“So we had a tie-in, and people believed in us,” said Smith, who won a national championship with Kentucky. “And my record spoke for itself. So they knew we were going to take care of their sons and develop them into young men that were good citizens.”

He emphasized on-court development but also enhancing players’ social and spiritual lives by having them attend church with him and holding team gatherings at his house. Smith wanted his players to be close, but also wanted them to hold one another accountable.

The results didn’t immediately show. Texas Tech won just 14 games in Smith’s first season. He expected the program to make a leap in Year 2, but the transfer of Jordan Tolbert, one of the team’s best players, to SMU stunted progress.

Finally, in Year 3, things clicked. Texas Tech won 19 games, including nine in the Big 12, and advanced to the NCAA tournament for the first time since 2007. For the turnaround, Smith was named Sporting News’ Coach of the Year.

That was his final season at Texas Tech. He left to take the job at Memphis.

Smith admits it was hard leaving his players, but added it’s “part of the business.” Still, he took comfort knowing the job he’d done in Lubbock.

“We left the place better than we found it at every place we’ve ever been,” Smith said.

When Smith leaves a job, he makes a point to help his successor transition into the position. It was no different with Beard.

“It was really cool inheriting something that he has built because you really get to know somebody in the coaching,” Beard said. “You feel like two days on the job, two weeks on the job, you really get to know the coach before you, even if you never talked to him, because you inherited some stuff that he built.”

It went beyond professional courtesies for Beard.

“I have the ultimate respect for Coach Smith and his wife, Mrs. Smith,” Beard said. “I love Coach Smith so much, I bought his house from him.”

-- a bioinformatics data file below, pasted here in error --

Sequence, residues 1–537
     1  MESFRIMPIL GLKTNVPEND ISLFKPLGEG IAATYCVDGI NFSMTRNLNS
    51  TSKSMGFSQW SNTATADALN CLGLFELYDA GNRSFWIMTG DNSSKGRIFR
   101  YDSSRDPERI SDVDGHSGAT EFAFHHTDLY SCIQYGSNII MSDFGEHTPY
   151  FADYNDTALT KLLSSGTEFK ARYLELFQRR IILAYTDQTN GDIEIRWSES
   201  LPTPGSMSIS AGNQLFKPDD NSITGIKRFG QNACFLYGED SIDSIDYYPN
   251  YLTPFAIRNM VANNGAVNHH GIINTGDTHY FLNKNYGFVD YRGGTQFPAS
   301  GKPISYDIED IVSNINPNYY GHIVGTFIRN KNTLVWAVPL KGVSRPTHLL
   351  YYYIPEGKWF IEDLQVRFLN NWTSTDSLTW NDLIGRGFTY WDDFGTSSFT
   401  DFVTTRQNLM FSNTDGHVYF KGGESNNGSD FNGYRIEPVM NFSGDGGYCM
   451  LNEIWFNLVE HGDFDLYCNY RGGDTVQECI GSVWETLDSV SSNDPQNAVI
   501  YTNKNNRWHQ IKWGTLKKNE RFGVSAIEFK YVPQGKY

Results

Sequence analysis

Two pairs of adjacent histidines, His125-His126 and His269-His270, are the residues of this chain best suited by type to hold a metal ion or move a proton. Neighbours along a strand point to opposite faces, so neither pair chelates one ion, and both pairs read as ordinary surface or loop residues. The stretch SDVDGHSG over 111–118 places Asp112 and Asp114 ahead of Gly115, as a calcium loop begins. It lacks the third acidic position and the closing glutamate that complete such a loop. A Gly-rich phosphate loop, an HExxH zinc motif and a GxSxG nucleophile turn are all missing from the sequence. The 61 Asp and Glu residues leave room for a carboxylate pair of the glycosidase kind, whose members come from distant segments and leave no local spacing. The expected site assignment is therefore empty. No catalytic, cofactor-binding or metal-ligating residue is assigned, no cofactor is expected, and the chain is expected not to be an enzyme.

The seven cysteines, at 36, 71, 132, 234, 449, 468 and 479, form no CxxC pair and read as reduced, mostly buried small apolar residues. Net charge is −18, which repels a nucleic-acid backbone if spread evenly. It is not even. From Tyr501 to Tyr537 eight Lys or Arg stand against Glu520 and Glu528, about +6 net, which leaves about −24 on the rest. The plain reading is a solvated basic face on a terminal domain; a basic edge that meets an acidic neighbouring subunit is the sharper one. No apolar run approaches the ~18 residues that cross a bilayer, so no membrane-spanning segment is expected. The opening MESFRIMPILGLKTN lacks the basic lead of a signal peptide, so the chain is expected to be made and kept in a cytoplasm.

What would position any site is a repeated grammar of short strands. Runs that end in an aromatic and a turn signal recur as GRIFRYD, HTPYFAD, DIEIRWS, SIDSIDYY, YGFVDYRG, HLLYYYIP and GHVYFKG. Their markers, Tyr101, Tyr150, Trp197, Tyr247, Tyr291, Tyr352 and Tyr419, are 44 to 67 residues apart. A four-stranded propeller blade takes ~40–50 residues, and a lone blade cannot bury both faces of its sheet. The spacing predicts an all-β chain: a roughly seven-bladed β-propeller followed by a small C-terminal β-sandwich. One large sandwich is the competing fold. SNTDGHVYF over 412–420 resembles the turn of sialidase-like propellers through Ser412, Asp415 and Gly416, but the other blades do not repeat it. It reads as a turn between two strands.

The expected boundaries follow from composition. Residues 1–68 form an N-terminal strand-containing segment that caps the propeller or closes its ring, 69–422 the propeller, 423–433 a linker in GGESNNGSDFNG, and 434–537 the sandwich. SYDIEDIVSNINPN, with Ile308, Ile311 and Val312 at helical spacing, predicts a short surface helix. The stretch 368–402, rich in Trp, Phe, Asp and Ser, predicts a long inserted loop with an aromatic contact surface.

That’s still a sore spot for Smith -- not because of who bought it, but the price Beard paid.

“No, he stole my house,” Smith said with a laugh. “I don’t want to talk about that. He got a great deal. No wonder he’s so relaxed and doing so well, it’s a pretty comfortable house.”

Things didn’t work out for Smith in Memphis and he was fired after just two seasons in which Smith won 40 games, but didn’t make the NCAA tournament and saw attendance dwindle. In hindsight -- which he notes is “always 20-20” -- maybe it would have been better for Smith to stay at Texas Tech. But, he said, “you can’t look back.”

Still, remnants of the Smith era are still around the Red Raiders’ program. Evans was Texas Tech’s top scorer on last year’s Elite Eight team. Norense Odiase, another Smith recruit, is a rotation player on this year’s team. Maybe it’s small, but Smith played at least some part in this Final Four run.

“Wherever you’ve had an opportunity to work or live and coach, you always take, I can’t say pride,” Smith said, before pausing to reconsider, “but I do in Texas Tech, because it was a great place to live, and they’ve been extremely successful. … I’m excited for them.”